Rotator cuff supraspinatus tendon injuries are clinically challenging due to the high rates of failure after surgical repair. One key limitation to functional healing is the failure to regenerate the enthesis transition between tendon and bone, which heals by disorganized scar formation. Using two models of supraspinatus tendon injury in mouse (partial tear and full detachment/repair), the purpose of the study was to determine functional gait outcomes and identify the origin of the cells that mediate healing. Consistent with previous reports, enthesis injuries did not regenerate; partial tear resulted in a localized scar defect adjacent to intact enthesis, while full detachment with repair resulted in full disruption of enthesis alignment and massive scar formation between tendon and enthesis fibrocartilage. Although gait after partial tear injury was largely normal, gait was permanently impaired after full detachment/repair. Genetic lineage tracing of intrinsic tendon and cartilage/fibrocartilage cells (Scx CreERT2 and Sox9 CreERT2 , respectively), myofibroblasts (αSMA CreERT2 ), and Wnt-responsive stem cells (Axin2 CreERT2 ) failed to identify scar-forming cells in partial tear injury. Unmineralized enthesis fibrocartilage was strongly labeled by Sox9 CreERT2 while Axin2 CrERT2 labeled a subset of tendon cells away from the skeletal insertion site. In contrast to the partial tear model, Axin2 CreERT2 labeling showed considerable contribution of Axin2 lin cells to the scar after full detachment/repair. Clinical Significance: Clinically relevant models of rotator cuff tendon injuries in mouse enable the use of genetic tools; lineage tracing suggests that distinct mechanisms of healing are activated with full detachment/repair injuries versus partial tear.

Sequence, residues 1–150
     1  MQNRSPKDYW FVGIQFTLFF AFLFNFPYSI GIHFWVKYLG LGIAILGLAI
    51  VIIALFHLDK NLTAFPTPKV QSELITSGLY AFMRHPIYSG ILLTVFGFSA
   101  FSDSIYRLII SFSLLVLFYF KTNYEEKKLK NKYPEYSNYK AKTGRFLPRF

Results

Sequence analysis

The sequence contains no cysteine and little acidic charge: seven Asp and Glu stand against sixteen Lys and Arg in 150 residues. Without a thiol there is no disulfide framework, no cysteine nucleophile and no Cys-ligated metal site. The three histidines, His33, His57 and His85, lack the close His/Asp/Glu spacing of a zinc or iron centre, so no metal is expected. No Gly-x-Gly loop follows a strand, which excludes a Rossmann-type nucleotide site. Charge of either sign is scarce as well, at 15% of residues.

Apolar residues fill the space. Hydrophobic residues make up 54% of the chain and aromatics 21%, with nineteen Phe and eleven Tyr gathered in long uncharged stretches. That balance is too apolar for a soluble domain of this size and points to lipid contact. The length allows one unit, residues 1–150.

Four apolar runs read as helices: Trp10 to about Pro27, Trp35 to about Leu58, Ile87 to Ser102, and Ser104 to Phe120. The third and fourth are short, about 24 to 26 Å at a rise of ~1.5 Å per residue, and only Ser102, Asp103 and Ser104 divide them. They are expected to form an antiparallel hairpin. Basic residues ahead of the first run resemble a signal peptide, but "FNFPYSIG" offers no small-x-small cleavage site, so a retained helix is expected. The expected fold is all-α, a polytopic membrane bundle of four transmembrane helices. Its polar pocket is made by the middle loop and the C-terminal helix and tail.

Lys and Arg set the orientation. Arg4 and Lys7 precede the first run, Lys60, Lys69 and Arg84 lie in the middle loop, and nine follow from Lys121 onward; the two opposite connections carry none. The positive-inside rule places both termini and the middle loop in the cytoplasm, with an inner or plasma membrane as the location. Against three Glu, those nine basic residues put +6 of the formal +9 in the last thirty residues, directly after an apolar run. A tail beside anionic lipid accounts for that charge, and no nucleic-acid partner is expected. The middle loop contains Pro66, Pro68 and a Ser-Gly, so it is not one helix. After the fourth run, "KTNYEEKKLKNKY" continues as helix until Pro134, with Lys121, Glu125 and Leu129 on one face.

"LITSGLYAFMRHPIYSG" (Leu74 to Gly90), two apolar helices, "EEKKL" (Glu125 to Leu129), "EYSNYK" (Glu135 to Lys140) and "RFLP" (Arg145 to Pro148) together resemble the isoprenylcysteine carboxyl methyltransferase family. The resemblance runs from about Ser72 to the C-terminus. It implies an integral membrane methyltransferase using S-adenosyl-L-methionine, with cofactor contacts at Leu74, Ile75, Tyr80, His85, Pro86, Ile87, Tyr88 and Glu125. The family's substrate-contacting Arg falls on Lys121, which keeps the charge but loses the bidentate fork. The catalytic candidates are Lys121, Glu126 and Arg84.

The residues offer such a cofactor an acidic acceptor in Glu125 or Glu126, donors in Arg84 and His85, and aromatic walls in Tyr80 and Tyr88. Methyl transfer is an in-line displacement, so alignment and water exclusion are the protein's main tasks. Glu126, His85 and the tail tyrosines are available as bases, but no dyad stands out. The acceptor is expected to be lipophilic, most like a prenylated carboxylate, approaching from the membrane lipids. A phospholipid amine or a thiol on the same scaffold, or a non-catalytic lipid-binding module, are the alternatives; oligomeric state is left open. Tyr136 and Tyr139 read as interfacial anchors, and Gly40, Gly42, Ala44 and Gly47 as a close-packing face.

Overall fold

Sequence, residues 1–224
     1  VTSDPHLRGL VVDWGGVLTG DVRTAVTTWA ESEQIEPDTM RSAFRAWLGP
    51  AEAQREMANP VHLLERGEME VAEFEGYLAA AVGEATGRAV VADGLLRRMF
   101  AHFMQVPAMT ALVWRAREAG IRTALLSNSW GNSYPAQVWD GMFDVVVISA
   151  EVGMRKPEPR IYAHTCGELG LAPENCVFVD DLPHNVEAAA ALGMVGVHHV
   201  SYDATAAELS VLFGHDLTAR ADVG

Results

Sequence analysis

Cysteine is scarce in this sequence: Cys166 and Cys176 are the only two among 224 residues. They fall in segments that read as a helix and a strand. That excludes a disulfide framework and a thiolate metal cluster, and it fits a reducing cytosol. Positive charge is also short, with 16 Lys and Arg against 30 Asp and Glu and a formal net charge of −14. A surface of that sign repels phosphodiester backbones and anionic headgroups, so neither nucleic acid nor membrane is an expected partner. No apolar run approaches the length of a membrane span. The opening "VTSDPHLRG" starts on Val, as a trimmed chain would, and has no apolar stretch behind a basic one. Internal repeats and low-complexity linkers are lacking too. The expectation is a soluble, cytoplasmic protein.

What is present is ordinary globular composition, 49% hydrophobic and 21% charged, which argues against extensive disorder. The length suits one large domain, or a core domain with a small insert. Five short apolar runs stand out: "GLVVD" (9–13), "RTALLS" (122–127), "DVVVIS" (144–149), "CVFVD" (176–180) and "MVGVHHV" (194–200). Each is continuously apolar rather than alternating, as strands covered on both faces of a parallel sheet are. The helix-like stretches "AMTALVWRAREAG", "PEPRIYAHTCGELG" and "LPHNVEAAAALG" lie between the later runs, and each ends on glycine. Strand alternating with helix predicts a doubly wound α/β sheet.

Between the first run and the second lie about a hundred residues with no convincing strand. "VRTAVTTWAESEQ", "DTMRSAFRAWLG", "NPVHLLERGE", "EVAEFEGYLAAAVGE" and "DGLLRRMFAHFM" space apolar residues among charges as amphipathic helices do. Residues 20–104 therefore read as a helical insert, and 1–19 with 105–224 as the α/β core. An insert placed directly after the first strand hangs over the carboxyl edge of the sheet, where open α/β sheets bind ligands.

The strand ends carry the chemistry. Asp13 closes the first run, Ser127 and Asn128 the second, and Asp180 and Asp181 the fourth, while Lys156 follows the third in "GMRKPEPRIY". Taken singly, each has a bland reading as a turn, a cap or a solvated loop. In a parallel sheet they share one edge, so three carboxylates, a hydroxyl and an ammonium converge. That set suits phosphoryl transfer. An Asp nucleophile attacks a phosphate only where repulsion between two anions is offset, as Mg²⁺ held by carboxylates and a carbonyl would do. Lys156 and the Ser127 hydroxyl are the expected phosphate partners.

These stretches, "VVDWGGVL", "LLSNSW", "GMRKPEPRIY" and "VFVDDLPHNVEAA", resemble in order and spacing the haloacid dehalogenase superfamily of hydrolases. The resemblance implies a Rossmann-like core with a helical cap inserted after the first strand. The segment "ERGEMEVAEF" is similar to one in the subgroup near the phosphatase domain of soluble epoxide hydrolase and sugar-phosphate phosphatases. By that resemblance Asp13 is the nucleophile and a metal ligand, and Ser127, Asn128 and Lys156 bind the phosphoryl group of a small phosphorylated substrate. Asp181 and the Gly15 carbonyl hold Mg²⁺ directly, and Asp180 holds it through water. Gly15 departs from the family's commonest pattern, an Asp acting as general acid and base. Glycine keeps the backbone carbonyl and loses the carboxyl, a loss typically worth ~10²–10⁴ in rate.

|Original language||English (US)|
|Number of pages||10|
|Journal||Journal of Orthopaedic Research|
|State||Published - Dec 2018|
All Science Journal Classification (ASJC) codes
- Orthopedics and Sports Medicine
- rotator cuff